You could imagine a variety of more elaborate techniques that follow the same principle. For example, you could imagine equipping an LLM with a full-featured text editor, allowing it to backtrack and revise its work in the way humans do. Or you could imagine giving a language model two output streams: one for the answer, and one for its stream-of-consciousness thoughts about the answer it’s writing. Imagine a language model that had the option to iterate for days on one question, writing notes to itself as it mulls things over. The bigger and more capable it is, the more use it could get out of this affordance. Giving a genius mathematician a scratchpad will make a bigger difference than giving one to a six year old.
Another technique that dramatically improves performance of models at a given size is fine-tuning: retraining a large model on a small amount of well-chosen data in order to get much better-targeted responses for a given use case. For example, reinforcement learning from human feedback (RLHF) involves fine-tuning models on whether human raters liked its answer. Without RLHF, a language model might riff off a question or generate the kind of text that would surround that question on a website, instead of answering it. In effect, RLHF gets the model to ‘realize’ that it should be aiming to use its capabilities and knowledge to answer questions well rather than predict text on the internet: two different tasks, with a lot of overlapping skills.
With prompting and fine-tuning and a lot of other schlep, we can build systems out of language models. ChatGPT is a very simple and very familiar example of a language model system. To understand all of the ways that ChatGPT is a system, not just a language model, it’s useful to compare it to InstructGPT, which is the same basic underlying technology. Before ChatGPT was released, InstructGPT was available to people who made an account to test it out in OpenAI’s playground.
Here’s the UI for OpenAI’s playground today (it was worse a year ago but unfortunately we don’t have a screenshot of it from then):
If you’re an experienced LLM expert, the option to customize temperature and adjust the frequency penalty and presence penalty, add stop sequences, and so on is really useful. If you’re a random consumer, all of that is intimidating. ChatGPT’s UI abstracts it away:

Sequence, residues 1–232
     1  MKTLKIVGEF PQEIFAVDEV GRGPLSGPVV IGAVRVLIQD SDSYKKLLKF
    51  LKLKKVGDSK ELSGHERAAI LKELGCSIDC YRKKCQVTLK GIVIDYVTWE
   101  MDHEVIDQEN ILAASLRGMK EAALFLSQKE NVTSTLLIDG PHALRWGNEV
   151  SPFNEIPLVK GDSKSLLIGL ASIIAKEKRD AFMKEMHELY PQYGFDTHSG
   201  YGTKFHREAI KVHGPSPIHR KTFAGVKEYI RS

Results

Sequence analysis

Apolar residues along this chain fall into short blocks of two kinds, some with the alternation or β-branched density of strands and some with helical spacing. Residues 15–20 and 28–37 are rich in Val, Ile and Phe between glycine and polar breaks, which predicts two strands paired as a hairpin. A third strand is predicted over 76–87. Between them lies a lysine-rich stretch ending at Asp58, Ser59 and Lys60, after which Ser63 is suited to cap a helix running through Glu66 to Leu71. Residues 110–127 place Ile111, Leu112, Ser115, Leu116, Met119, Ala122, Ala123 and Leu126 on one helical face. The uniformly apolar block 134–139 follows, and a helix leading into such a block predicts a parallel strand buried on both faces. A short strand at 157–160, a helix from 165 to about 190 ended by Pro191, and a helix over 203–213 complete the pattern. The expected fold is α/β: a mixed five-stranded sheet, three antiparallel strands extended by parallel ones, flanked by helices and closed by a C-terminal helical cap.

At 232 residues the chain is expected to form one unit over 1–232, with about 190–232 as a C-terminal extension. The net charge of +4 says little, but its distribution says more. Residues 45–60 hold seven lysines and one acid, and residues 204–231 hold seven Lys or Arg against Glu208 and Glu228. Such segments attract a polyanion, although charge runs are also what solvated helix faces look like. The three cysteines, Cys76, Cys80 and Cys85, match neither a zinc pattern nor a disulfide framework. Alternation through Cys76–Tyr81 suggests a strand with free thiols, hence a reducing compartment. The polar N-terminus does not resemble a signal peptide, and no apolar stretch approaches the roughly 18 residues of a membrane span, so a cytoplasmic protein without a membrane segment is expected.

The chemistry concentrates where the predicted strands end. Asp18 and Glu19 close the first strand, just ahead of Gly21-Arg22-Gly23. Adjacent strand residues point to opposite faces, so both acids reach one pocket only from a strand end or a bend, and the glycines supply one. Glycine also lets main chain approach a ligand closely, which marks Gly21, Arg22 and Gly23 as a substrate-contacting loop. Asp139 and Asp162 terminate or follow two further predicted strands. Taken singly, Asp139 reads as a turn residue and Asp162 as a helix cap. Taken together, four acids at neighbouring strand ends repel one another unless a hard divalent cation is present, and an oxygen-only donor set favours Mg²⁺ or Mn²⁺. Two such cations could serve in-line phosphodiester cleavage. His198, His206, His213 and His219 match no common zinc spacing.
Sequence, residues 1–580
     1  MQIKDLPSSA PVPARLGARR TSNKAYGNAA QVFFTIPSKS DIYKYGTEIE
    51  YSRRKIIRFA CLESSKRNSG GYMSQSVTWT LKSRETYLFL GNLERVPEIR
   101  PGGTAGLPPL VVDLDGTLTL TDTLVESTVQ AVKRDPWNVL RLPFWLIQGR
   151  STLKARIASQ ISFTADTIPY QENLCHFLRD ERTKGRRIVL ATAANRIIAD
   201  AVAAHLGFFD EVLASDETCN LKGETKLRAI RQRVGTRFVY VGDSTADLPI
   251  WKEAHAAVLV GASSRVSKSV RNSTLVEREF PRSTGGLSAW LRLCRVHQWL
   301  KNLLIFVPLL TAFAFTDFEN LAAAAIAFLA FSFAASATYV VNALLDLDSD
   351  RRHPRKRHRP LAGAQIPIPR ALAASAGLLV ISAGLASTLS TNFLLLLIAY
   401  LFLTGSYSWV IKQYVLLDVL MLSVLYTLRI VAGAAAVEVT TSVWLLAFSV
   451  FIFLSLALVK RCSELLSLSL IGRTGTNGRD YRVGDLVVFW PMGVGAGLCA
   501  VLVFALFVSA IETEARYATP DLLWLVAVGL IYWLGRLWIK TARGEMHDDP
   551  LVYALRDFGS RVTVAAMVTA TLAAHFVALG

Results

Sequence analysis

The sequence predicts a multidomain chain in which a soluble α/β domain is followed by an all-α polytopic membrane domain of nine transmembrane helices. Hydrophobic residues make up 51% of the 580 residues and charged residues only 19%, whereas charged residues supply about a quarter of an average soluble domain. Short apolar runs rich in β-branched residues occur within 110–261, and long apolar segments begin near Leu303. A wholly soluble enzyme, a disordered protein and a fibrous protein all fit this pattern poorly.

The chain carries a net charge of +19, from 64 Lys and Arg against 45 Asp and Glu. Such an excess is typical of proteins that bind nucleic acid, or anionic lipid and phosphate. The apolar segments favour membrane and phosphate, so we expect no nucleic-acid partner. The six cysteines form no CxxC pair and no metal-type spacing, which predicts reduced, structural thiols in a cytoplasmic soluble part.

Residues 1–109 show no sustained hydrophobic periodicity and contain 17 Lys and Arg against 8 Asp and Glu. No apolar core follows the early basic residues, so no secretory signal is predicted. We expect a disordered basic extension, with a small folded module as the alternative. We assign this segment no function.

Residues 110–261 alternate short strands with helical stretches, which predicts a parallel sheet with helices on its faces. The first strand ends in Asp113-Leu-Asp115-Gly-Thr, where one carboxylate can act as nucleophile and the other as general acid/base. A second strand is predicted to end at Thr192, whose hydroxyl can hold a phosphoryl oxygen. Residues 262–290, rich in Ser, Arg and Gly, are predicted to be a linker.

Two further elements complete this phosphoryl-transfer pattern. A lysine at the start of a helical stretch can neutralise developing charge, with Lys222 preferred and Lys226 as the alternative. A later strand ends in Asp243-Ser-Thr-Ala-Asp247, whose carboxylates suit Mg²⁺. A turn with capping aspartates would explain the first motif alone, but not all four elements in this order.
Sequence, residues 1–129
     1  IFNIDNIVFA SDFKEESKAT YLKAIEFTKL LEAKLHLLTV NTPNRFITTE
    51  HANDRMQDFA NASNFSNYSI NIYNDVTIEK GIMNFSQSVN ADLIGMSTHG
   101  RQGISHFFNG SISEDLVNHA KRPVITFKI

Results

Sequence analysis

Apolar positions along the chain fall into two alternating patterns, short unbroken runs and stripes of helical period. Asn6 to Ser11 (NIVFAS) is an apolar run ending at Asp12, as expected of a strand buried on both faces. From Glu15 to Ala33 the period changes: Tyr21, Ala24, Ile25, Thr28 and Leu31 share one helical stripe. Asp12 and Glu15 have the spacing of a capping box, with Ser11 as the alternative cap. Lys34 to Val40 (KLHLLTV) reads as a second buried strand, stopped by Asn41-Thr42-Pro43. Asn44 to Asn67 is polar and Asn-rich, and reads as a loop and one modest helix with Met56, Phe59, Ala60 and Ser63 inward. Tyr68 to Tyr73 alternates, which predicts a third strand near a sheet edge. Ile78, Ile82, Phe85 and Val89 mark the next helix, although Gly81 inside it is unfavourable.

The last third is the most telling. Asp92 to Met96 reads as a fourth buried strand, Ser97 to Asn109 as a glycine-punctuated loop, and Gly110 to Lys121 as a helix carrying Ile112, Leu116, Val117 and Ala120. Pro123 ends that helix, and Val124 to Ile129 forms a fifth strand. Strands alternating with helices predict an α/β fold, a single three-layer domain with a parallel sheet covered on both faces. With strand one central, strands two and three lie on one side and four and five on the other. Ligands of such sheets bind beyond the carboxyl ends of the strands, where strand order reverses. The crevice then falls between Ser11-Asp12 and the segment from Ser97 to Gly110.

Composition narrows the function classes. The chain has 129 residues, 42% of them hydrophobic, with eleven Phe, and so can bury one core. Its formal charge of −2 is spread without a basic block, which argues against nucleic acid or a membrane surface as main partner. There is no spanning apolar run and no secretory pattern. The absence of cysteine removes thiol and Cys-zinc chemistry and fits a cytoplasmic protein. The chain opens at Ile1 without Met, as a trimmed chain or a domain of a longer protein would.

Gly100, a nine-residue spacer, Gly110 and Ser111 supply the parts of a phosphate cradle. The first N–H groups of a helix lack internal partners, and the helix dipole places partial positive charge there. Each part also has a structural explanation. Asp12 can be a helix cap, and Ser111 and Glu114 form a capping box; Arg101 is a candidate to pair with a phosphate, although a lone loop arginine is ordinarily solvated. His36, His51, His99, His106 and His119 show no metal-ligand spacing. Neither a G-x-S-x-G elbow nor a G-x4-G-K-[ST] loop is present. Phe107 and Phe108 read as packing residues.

That UI difference might seem small. But InstructGPT was mostly used only by a small community of researchers, and ChatGPT reached 100 million users within two months of launch. The difference between the two products was essentially presentation, user experience, and marketing. That kind of thing can result in massive differences in actual user behavior. Some of the work that goes into making language model systems, then, is about figuring out how to make the model usable for users.
If language models are like engines, then language model systems would be like cars and motorcycles and jet planes. Systems like Khan Academy’s one-on-one math tutor or Stripe’s interactive developer docs would not be possible to build without good language models, just as cars wouldn’t be possible without engines. But making these products a reality also involves doing a lot of schlep to pull together the “raw” language model with other key ingredients, getting them all to work well together, and putting them in a usable package. Similarly, self-driving cars would not be possible without really good vision models, but a self-driving car is more than just a big vision neural network sitting in a server somewhere.
One kind of language model system that has attracted a lot of attention and discussion is a language model agent.
An agent is a system which independently makes decisions and acts in the world. A language model is not an agent, but language models can be the key component powering a system which is agentic and takes actions in the world. The most famous early implementation of this is Auto-GPT, a very straightforward and naive approach: you can tell it a goal, and it will self-prompt repeatedly to take actions towards this goal. People have already employed it towards a wide range of goals, including building ChaosGPT, which has the goal of destroying humanity.
Auto-GPT is not very good. Users have complained that it constantly comes up with reasons to do more research and is reluctant to decide that it’s done enough research and can actually do the task now. It’s also just not very reliable. But there are many people building agentic language models for commercial uses, and working to solve all of these shortcomings, including well-funded and significantly-sized companies like Imbue and Adept. Adding chain of thought prompting, fine tuning the underlying language models, and many similar measures will likely make agents a lot better – and, of course, increasing scale will make them better too.
We’re really at the very beginning of this work. It wouldn’t be surprising to see major advances in the practical usefulness of LLMs achieved through schlep alone, such that agents and other systems built out of GPT-4 tier models are much more useful in five years than they are today. And of course, we are continuing to scale up models at the same time. That creates the conditions for rapid improvements along many dimensions at once — improvements which could reinforce each other. Many people will be trying hard to make this a reality. Even if specific approaches meet dead-ends, the field as a whole doesn’t seem likely to.
The graph pictured in the text is by Our World in Data, pulling numbers from our grantee organization Epoch, the original GPT was trained on 1.8e19 FLOP; GPT-2 was 1.5e21 FLOP; the largest version of GPT-3 (175 billion parameters) was trained on 3.1e23 FLOP, and GPT-4 was trained on ~2.1e25 FLOP. There isn’t clear documentation of GPT-3.5, the model in between GPT-3 and GPT-4, but we suspect that it was retrained from scratch and its effective training compute was order 10^24 FLOP. ↩︎
Perhaps this would be based on terminal-based text editors that programmers use, which do everything via keyboard commands. ↩︎